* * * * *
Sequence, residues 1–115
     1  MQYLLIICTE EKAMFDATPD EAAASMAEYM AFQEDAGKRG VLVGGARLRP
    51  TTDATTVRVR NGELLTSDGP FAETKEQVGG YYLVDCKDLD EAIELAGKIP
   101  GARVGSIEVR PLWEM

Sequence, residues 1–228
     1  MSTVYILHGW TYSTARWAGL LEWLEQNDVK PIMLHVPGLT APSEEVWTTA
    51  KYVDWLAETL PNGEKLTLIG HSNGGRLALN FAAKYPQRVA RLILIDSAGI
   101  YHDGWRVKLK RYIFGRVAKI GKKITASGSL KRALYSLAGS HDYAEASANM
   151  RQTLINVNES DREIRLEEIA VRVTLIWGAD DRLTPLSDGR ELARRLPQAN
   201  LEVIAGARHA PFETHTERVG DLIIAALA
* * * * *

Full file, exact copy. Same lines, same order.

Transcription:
Sequence, residues 1–115
     1  MQYLLIICTE EKAMFDATPD EAAASMAEYM AFQEDAGKRG VLVGGARLRP
    51  TTDATTVRVR NGELLTSDGP FAETKEQVGG YYLVDCKDLD EAIELAGKIP
   101  GARVGSIEVR PLWEM

Sequence, residues 1–228
     1  MSTVYILHGW TYSTARWAGL LEWLEQNDVK PIMLHVPGLT APSEEVWTTA
    51  KYVDWLAETL PNGEKLTLIG HSNGGRLALN FAAKYPQRVA RLILIDSAGI
   101  YHDGWRVKLK RYIFGRVAKI GKKITASGSL KRALYSLAGS HDYAEASANM
   151  RQTLINVNES DREIRLEEIA VRVTLIWGAD DRLTPLSDGR ELARRLPQAN
   201  LEVIAGARHA PFETHTERVG DLIIAALA